The last few years have witnessed a tremendous growth of the demand for wireless services and a significant increase of the number of mobile subscribers. A recent data traffic forecast from Cisco reported that the global mobile data traffic reached 1.2 zettabytes per year in 2016, and the global IP traffic will increase nearly threefold over the next 5 years. Based on these predictions, a 127-fold increase of the IP traffic is expected from 2005 to 2021. It is also anticipated that the mobile data traffic will reach 3.3 zettabytes per year by 2021, and that the number of mobile-connected devices will reach 3.5 per capita.
With such demands for higher data rates and for better quality of service (QoS), fifth generation (5G) standardization initiatives, whose initial phase was specified in June 2018 under the umbrella of Long Term Evolution (LTE) Release 15, have been under vibrant investigation. In particular, the International Telecommunication Union (ITU) has identified three usage scenarios (service categories) for 5G wireless networks: (i) enhanced mobile broadband (eMBB), (ii) ultra-reliable and low latency communications (uRLLC), and (iii) massive machine type communications (mMTC). The vast variety of applications for beyond 5G wireless networks has motivated the necessity of novel and more flexible physical layer (PHY) technologies, which are capable of providing higher spectral and energy efficiencies, as well as reduced transceiver implementations.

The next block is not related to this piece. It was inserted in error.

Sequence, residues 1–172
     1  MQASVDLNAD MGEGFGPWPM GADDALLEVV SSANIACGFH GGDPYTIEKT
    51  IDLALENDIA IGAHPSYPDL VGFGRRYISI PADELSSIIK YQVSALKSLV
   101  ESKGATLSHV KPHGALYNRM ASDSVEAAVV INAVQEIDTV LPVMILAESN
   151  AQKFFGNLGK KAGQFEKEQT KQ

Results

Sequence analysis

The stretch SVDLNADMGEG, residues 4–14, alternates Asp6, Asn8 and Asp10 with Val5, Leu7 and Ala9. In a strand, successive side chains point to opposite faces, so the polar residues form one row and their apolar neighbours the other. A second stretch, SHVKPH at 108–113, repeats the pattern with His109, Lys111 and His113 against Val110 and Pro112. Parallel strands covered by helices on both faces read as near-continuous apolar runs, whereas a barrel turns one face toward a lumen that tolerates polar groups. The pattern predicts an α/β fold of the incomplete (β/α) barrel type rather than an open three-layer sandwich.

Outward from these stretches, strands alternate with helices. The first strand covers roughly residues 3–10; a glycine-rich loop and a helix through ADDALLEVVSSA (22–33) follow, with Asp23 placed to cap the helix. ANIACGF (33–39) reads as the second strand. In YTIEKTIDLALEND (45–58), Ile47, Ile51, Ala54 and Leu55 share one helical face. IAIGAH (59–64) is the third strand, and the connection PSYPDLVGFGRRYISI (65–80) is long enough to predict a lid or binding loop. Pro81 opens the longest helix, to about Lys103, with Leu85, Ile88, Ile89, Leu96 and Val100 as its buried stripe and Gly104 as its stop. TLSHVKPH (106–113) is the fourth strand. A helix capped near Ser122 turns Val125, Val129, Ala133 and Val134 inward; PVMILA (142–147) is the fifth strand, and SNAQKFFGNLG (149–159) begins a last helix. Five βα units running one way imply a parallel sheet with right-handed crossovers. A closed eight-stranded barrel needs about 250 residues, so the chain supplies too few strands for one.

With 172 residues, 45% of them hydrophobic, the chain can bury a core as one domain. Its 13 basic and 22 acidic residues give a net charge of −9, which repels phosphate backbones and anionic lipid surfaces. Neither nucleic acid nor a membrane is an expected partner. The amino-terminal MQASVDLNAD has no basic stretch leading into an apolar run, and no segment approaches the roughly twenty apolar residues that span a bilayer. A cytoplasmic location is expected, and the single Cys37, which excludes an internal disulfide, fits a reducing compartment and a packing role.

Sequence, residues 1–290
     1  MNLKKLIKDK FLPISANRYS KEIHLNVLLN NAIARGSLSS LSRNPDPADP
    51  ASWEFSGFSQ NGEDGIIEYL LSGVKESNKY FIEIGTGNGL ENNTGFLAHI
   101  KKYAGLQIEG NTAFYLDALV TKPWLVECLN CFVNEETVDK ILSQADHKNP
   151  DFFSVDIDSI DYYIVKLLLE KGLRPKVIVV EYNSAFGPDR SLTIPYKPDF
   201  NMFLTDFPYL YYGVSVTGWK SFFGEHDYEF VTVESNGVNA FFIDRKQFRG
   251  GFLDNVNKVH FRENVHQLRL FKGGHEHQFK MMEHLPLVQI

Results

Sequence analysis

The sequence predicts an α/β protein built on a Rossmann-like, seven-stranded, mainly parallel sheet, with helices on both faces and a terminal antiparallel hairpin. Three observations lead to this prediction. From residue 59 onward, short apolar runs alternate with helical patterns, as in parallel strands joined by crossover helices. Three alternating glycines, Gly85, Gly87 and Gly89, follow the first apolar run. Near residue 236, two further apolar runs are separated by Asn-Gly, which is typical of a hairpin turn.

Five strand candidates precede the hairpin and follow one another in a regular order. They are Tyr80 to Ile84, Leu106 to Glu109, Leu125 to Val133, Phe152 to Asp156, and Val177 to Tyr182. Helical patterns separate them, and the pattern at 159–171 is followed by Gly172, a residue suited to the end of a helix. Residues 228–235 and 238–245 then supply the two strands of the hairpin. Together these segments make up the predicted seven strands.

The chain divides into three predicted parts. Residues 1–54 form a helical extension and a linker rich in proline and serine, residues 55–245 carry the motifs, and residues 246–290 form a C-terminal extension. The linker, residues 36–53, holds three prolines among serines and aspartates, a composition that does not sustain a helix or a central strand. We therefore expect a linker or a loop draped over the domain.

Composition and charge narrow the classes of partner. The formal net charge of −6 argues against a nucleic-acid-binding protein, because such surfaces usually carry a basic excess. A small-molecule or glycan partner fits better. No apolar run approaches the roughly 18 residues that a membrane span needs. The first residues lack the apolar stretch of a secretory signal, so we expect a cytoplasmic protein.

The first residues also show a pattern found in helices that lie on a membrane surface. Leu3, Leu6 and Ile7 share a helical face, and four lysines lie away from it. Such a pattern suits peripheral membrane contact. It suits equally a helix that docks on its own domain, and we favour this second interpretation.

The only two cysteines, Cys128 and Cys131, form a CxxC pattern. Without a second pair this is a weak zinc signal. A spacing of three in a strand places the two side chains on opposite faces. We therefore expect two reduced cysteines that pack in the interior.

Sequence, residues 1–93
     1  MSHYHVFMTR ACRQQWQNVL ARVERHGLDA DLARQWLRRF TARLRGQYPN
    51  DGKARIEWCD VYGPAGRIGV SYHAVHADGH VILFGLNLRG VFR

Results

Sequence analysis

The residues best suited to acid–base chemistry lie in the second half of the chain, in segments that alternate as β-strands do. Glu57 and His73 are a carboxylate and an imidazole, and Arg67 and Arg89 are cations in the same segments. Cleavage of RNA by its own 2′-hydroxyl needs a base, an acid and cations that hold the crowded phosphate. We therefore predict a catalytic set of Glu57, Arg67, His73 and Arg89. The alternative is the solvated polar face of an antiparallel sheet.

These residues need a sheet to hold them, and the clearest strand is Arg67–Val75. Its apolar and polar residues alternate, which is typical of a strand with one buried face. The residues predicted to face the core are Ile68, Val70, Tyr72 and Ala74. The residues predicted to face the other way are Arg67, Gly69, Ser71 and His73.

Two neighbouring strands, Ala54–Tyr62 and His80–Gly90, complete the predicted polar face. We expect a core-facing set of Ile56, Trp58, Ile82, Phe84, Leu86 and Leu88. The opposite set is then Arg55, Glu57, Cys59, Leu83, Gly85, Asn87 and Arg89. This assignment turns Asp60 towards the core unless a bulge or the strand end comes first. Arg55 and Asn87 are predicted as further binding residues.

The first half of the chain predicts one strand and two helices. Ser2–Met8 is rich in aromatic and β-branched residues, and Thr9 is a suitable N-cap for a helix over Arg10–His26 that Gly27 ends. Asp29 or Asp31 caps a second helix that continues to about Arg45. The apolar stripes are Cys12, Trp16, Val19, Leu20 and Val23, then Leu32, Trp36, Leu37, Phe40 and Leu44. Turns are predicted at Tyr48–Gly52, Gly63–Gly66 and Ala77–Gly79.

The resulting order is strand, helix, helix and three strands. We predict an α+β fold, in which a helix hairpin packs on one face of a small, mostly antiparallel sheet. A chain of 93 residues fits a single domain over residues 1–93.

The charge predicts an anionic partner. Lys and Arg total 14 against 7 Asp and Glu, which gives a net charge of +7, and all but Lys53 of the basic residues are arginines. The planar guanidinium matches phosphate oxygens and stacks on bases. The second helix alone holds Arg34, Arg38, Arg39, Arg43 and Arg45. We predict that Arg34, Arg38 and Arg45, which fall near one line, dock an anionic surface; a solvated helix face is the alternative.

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Auction is an effective way to allocate goods or services to bidders who value them the most. The rapid growth of e-auctions facilitates online transactions but poses new and distinctive challenges. It is difficult to establish trust among sellers, buyers, and auctioneers without centralized auction websites or platforms (the auctioneer) which collect bids and derive the auction results. However, these third parties may be untrustworthy, and malicious sellers or buyers may refuse to deliver the goods or payment according to the protocol. Moreover, the open and anonymous online environment may stimulate auction participants to form collusion coalitions to rig the auction and reap unfair profit. Many auction designs have been proposed to address these concerns, but they fall short of simultaneously achieving decentralization (i.e., held without a trusted third utility), strong consensus (i.e., the establishment of trust), collusion resistance, and practical implementation. We present CReam , the first decentralized collusion-resistant e-auction system that is implemented with smart contract on the blockchain. With the carefully designed smart auction contract, mutually distrustful and rational sellers and buyers are stimulated to operate properly, hence transact safely without trusted third parties. The auction mechanism in the smart contract can effectively prevent bidder collusion and realize economic robustness, i.e., truthfulness. We implement a fully functional CReam on the Ethereum network. Extensive experimental results confirm that CReam can greatly reduce the probability of collusion and achieve an approximate optimal revenue at a low cost of contract execution.
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